Medical apartheid is moving at full speed in Palestine. Israel has refused an informal request from the World Health Organization (WHO) to immediately make COVID-19 vaccines available to Palestinian medical workers to avert a health disaster, citing shortages of jabs for their own citizens. The specified reason does not hold water.
The Israeli government has purchased 10 million Oxford University-AstraZeneca vaccines that are sufficient for five million people. This is in addition to the vaccines already purchased from Pfizer (8 million, which is enough for 4 million men and women) and Moderna (6 million, which is enough for 3 million people). Given the fact that there are about 6 million people in Israel over the age of 15 (the vaccine will not be given to children at this point), immunization for the Israeli population is completely covered.
AstraZeneca vaccines do not require special refrigeration and can be transported safely to remote places, isolated villages and refugee camps in Occupied Palestinian Territories (OPT). Still, Israel has chosen not to do so.
The Myth of Israel’s "Vaccination Success"
Leaving the data aside, the fact that Israel prioritizes its citizens over Palestinians speaks volumes about the former’s intensely racist foundations and reveals the sordid underside of its "vaccination success" – the systematic exclusion of the colonized population. Israel’s vaccination campaign includes Jewish settlers living deep inside the West Bank, who are Israeli citizens, but not the roughly 2.7 million Palestinians living around them who may have to wait for weeks or months. While those in East Jerusalem are entitled to a vaccine, the inoculation rate has been slow. Only about 20% of Palestinians living in East Jerusalem aged 60 or above have received the COVID-19 vaccine. This compares to the 75% of Jerusalem’s Jewish population from the same age group.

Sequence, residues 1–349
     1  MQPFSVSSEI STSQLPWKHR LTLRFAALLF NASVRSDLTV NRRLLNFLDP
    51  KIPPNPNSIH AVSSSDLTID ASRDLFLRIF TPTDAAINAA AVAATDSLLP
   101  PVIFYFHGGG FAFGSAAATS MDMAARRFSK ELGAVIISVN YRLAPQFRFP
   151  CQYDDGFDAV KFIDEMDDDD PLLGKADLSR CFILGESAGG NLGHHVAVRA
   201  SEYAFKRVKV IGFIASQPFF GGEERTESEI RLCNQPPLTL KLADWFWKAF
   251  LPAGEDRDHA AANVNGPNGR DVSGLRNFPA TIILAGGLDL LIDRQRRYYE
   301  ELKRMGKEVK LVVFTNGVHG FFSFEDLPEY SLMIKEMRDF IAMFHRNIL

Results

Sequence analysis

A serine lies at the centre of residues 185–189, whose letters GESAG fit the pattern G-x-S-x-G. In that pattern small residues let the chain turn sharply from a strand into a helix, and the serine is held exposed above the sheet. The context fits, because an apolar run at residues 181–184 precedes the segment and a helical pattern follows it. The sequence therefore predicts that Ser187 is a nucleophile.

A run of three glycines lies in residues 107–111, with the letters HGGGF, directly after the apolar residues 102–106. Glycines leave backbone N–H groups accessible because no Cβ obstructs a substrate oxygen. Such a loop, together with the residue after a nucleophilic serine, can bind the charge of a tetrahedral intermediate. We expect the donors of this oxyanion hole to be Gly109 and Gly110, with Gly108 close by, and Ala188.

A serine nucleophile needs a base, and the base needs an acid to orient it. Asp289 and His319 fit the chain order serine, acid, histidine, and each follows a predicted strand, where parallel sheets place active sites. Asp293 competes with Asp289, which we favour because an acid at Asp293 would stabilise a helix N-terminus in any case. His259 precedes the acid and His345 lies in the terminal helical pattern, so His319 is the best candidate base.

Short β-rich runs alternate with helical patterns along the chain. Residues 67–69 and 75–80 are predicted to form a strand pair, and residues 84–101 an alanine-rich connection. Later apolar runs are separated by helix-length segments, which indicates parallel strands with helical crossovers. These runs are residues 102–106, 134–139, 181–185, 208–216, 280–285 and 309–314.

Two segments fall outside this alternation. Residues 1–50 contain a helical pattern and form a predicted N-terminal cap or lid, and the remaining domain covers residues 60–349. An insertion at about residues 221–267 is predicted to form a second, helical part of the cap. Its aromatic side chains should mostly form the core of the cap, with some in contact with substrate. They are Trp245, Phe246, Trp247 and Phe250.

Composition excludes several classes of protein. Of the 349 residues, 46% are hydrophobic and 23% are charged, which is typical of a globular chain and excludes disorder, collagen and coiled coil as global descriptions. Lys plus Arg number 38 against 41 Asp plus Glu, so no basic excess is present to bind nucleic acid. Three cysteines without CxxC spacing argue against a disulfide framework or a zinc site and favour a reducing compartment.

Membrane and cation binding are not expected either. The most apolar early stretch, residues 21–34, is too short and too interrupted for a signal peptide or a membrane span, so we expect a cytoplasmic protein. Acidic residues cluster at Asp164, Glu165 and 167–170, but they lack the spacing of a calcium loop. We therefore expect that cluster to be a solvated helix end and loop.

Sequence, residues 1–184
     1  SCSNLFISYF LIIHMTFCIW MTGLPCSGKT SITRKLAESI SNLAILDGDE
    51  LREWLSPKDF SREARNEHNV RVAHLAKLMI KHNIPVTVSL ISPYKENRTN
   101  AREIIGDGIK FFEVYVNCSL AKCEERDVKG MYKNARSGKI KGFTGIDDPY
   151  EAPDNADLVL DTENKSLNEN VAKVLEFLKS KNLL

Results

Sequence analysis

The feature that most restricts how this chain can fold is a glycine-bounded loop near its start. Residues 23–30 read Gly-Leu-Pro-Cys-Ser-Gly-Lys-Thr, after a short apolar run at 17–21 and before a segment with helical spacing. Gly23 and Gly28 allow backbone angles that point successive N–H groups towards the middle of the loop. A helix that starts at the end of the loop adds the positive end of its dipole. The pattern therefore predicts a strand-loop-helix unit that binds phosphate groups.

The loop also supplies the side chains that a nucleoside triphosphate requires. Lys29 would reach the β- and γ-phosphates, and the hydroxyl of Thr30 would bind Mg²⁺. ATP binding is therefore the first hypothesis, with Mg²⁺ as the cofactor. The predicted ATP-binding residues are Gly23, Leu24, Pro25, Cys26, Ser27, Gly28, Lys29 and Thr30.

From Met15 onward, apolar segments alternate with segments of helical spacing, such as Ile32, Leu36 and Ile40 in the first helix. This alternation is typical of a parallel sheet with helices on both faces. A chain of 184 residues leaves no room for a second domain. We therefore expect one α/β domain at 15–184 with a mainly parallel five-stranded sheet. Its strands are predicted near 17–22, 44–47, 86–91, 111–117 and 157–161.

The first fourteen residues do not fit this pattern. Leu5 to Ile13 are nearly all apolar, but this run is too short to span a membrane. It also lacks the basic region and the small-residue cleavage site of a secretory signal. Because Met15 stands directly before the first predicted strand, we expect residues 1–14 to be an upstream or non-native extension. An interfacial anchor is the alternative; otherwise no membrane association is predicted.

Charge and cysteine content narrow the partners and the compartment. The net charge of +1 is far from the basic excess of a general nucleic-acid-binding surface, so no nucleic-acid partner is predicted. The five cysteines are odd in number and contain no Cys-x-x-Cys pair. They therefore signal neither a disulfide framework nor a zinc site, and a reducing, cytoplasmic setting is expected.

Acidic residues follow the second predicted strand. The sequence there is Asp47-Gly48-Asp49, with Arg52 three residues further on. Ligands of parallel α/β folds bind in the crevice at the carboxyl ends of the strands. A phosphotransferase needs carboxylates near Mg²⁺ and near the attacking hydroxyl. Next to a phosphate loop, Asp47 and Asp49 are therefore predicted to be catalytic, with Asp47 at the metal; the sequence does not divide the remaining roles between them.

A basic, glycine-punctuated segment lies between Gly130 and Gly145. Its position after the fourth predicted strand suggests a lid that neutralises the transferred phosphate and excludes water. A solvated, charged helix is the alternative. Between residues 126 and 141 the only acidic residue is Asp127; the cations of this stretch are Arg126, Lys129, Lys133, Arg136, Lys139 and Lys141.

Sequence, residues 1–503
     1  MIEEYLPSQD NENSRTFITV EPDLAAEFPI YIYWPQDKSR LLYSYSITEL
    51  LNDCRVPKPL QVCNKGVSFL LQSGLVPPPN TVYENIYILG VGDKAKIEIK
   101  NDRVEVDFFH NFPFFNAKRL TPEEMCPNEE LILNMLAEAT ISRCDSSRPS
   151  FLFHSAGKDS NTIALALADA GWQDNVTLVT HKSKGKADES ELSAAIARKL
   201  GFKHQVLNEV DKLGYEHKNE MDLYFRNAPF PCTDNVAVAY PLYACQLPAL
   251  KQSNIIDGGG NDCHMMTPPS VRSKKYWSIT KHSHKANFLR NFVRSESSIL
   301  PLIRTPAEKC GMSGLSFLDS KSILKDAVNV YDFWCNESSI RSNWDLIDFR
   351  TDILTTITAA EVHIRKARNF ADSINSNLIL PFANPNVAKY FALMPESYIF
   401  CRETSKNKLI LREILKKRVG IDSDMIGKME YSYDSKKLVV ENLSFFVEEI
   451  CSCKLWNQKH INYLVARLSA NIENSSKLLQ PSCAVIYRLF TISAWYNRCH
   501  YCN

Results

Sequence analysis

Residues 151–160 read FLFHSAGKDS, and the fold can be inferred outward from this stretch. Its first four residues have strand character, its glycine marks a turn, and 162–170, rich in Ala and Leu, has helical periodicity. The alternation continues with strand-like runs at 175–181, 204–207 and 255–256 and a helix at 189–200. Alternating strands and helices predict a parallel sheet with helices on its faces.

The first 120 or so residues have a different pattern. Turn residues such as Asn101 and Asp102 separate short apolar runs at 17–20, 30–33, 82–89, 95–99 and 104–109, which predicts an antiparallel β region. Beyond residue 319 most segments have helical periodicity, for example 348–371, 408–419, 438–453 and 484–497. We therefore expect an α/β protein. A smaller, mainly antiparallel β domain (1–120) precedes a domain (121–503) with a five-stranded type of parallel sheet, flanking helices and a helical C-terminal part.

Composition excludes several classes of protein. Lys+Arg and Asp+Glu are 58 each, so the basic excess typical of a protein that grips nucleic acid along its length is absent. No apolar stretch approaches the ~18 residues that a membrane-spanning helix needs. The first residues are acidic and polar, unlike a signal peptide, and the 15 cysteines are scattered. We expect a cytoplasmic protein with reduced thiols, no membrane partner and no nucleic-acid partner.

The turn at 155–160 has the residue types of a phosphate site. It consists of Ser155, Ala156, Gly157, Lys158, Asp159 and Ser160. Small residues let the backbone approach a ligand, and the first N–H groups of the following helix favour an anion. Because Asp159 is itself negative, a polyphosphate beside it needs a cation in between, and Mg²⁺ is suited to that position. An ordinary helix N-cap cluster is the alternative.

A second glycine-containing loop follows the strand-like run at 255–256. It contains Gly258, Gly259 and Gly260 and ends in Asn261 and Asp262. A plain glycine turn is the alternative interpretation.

Saleh Hijazi, deputy regional director for the Middle East and North Africa at Amnesty International, has said, "Israel’s Covid-19 vaccine program highlights the institutionalized discrimination that defines the Israeli government’s policy towards Palestinians…While Israel celebrates a record-setting vaccination drive, millions of Palestinians living under Israeli control in the West Bank and the Gaza Strip will receive no vaccine or have to wait much longer – there could hardly be a better illustration of how Israeli lives are valued above Palestinian ones."
The warped logic of Israel’s cruel chauvinism was displayed brutally in the case of Palestinian prisoners. In December 2020, Israel’s Public Security Minister Amir Ohana instructed prison officials not to begin vaccinating Palestinian inmates against COVID-19 until further notice. The Commission of Detainees and Ex-Detainees Affairs has criticized this move, which is aimed at "increasing the suffering of prisoners and to psychologically torture them and their families."
Hassan Abd Rabbo, media advisor for the commission affiliated with the Palestine Liberation Organization, said in an interview that "The statements of the Israeli public security minister [are racist and show the ugly face of the occupation and its immoral and criminal view on the rights of men and women inside prisons." "This position completely contradicts the obligations of the Israeli occupation under the Third and Fourth Geneva Conventions, a clear violation of international humanitarian law, and a clear violation of the instructions and protocols of the World Health Organization, which demand the vaccination of all prisoners…The occupation must take preventive measures to protect prisoners held in overcrowded rooms and sections of prisons."